Panasonic Lumix FT7 / TS7 review


To test real-life performance, I shot this scene with the Panasonic Lumix FT7 /TS7 using its best quality JPEG mode. The Lumix FT7 / TS7 was mounted on a tripod and image stabilisation was disabled, the sensitivity was manually set to 80 ISO and Program auto mode was selected for the exposure. The Lumix FT7 / TS7 has two apertures – f3.3 and f10 at the wide angle lens setting and in the bright sunshine it chose the narrower f10. I also took a shot in Manual exposure mode with the aperture set to the wider f3.3 setting and comparing the two the f3.3 image was significantly better quality, so that’s the one I’ve used here.




As usual, the crops below are taken from the areas marked in red above. Overall, the quality of the Lumix FT7 / TS7 crops looks to be pretty good. With a 20 Megapixel sensor the Lumix FT7 / TS7 is one of the highest resolution waterproof rugged compacts around; it’s way out ahead of the 12 Megapixel Olympus Tough TG-5, and beats the 16 Megapixel Nikon COOLPIX W300 by a significant margin. But does packing all those photosites onto a compact sensor provide any more detail, or is it just introducing other problems, like increased noise?

Looking closely at these 100 percent crops, I think there is evidence of a little bit of noise texture in all of them and I’d say it’s enough to just slightly compromise the image detail and sharpness. Despite that though these crops look pretty good and while those extra pixels may not deliver more visible detail than a waterproof comnpact with a lower resolution sensor, it doesn’t look to me like they’re delivering any less. The other thing to bear in mind is that you’ll be able to make bigger prints from the Lumix FT7 /TS7 (or show your photos on a huge screen) than from a lower resolution model. For example, the maximum size it would be sensible to print from the TOUGH TG-5 is roughly 50 x 38cm (20 x 15in). But with the Lumix FT7 /TS7 you could safely go up to 65 x 50cm (25 x 20in).

The only other thing to say about the crops from the Lumix FT7 / TS7 is that the quality is fairly consistent across the frame, though there’s a slight softening at the edges and a little bit of purple colour fringing on the first crop from close to the left edge of the frame. Next let’s see how that sensor performs at higher ISO sensitivity settings, lower on the page.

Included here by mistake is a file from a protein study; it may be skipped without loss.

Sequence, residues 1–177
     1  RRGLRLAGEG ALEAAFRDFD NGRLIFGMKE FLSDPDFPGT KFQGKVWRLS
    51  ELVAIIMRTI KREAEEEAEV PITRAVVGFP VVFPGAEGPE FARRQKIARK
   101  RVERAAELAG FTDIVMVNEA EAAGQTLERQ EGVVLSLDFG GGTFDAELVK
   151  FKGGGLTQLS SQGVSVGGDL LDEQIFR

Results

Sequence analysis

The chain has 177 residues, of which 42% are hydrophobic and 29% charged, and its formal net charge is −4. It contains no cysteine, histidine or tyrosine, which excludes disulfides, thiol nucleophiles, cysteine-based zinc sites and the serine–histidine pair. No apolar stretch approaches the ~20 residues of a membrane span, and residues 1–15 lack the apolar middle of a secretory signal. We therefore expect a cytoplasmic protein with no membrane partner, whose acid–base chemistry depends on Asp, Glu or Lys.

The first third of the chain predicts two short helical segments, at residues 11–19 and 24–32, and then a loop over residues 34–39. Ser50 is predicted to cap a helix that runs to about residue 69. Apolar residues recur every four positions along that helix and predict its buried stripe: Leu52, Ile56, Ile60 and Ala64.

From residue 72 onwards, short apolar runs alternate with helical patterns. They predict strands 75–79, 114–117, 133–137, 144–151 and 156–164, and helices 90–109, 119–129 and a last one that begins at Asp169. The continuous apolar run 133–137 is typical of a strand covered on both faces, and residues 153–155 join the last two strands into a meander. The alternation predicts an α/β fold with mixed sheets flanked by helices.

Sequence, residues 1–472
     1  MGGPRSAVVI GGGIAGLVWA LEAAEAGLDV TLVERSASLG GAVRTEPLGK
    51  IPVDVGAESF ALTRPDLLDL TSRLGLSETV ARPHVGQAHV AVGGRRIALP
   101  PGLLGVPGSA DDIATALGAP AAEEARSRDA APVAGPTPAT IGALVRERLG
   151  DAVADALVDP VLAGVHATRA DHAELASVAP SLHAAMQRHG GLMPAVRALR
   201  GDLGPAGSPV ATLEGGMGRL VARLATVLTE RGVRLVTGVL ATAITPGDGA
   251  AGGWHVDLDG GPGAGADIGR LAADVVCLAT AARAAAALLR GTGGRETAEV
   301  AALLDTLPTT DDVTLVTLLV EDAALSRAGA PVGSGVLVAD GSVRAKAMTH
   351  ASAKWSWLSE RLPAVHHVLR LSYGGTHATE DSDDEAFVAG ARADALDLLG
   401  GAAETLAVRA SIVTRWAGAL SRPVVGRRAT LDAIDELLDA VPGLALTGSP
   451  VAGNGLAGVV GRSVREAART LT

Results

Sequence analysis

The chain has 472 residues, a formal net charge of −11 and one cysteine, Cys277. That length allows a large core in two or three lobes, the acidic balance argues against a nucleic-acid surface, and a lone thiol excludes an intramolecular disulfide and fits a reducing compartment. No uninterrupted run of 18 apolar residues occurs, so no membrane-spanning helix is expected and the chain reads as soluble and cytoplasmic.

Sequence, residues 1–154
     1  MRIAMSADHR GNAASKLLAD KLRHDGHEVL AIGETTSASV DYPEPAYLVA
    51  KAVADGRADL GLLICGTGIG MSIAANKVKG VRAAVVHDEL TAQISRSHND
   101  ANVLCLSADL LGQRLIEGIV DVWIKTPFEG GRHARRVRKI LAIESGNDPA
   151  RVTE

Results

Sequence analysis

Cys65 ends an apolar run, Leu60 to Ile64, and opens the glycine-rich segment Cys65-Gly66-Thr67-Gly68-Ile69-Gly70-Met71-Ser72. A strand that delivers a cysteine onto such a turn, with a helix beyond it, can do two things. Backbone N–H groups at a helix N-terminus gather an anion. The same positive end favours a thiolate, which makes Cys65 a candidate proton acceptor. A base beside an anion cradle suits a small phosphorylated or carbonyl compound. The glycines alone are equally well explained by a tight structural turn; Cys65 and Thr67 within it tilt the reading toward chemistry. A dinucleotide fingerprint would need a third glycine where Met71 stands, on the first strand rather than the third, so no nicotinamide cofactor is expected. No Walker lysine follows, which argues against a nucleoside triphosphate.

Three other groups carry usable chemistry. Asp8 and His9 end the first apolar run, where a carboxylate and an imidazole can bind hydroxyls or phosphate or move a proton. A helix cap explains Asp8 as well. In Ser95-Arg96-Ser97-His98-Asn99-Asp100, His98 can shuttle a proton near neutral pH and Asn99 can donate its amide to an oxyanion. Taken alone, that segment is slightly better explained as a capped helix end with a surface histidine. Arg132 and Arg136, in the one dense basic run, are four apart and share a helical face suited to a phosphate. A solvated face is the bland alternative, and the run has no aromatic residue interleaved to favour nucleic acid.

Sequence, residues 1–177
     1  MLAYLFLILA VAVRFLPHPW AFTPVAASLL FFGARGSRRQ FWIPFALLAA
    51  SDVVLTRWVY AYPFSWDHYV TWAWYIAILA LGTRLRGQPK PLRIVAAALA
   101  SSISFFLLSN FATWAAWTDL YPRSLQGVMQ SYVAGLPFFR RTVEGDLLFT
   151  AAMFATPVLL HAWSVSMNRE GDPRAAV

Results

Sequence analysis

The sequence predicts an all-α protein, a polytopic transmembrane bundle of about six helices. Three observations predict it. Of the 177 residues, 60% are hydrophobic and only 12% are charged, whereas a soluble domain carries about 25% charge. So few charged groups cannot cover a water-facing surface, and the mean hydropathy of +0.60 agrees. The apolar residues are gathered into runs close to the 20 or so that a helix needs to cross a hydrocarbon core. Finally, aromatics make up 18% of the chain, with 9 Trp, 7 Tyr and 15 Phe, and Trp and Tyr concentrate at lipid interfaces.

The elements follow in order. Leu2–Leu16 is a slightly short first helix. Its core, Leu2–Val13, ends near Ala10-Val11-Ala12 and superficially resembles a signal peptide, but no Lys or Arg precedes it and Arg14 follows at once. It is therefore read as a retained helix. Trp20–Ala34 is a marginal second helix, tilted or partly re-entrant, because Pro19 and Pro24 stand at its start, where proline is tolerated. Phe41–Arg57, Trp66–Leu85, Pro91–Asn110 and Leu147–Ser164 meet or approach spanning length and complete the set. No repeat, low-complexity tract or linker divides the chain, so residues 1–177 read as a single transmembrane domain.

Panasonic Lumix FT7 /TS7 at 4.9mm (28mm equivalent) f3.3 80 ISO



Panasonic Lumix FT7 /TS7 at 4.9mm (28mm equivalent) f3.3 80 ISO



Panasonic Lumix FT7 /TS7 at 4.9mm (28mm equivalent) f3.3 80 ISO



Panasonic Lumix FT7 /TS7 at 4.9mm (28mm equivalent) f3.3 80 ISO


Panasonic Lumix FT7 / TS7 Noise




To examine noise levels under real-life conditions, I shot this scene with the Panasonic Lumix FT7 / TS7 at each of its ISO settings. The FT7 / TS7 was set to its best quality JPEG mode and mounted on a tripod with stabilisation disabled. The ISO sensitivity was manually set to the lowest available setting and Program auto mode was selected for the exposure. In the low light interior the Lumix FT7 / TS7 selected the widest f3.3 aperture which I’d previously determined produces the best quality results. At the base 80 ISO setting the exposure it selected was 1/5 at f3.3.

Looking at the base 80 ISO crop immediately below, if you look closely, you’ll see that there is already visible noise texture across the crop. You can see it in the flat colour of the wall, most noticeably in the shadow areas to the left of the clock and just above the mantelpiece. The edge between the mantelpiece and the wall is a little sketchy as a result of the noise suppression and the clock face detail isn’t as clear as it might be. These are the areas to watch as we go down the column of crops and ISO sensitivity increases.

At 100 ISO, even though it’s only a small increase in sensitivity, the shadows become more speckled and the clock face a little less clear. It’s only fair to point out that you’re unlikely to notice this other than pixel-peeping these 100 percent crops. At 200 ISO there’s another slight increase in the noise and now that mantelpiece edge is looking quite crumbly. At first glance the 400 ISO crop doesn’t look much worse than the 200 ISO one, but if you look closely, some of the detail has gone (you can no longer make out the second dividers on the clock face for example). That’s because the noise suppression has stepped up a gear and kept the texture at bay – but at the cost of image detail.

By 400 ISO I think we’re into the kind of quality degradation that a keen-eyed observer would spot at smaller than 100 percent sizes. And at 800 ISO, though Panasonic’s noise suppression is doing a sterling job of keeping the texture at bay, the image detail is really suffering. I would only want to venture above 1600 ISO if there was no other option, you might get away with it at smaller sizes, but a full size print isn’t going to look very pretty. The same goes, only more so, for the 3200 ISO and extended 6400 ISO setting.

Overall, the Lumix FT7 / TS7 does a good job at the base ISO setting, but once the sensitivity increases, noise quickly becomes a problem. Cameras with a lower pixel count on the sensor, like the 12 Megapixel Olympus TOUGH TG-5 won’t suffer from noise to quite the same degree. Not only that, the TOUGH TG-5 has a much brighter f2 aperture, which means that under the same lighting conditions you’ll be able to shoot at lower ISO sensitivity settings than with the Lumix FT7 /TS7.



Panasonic Lumix FT7 /TS7 80 ISO



Panasonic Lumix FT7 /TS7 100 ISO



Panasonic Lumix FT7 /TS7 200 ISO



Panasonic Lumix FT7 /TS7 400 ISO



Panasonic Lumix FT7 /TS7 800 ISO



Panasonic Lumix FT7 /TS7 1600 ISO



Panasonic Lumix FT7 /TS7 3200 ISO



Panasonic Lumix FT7 /TS7 6400 ISO


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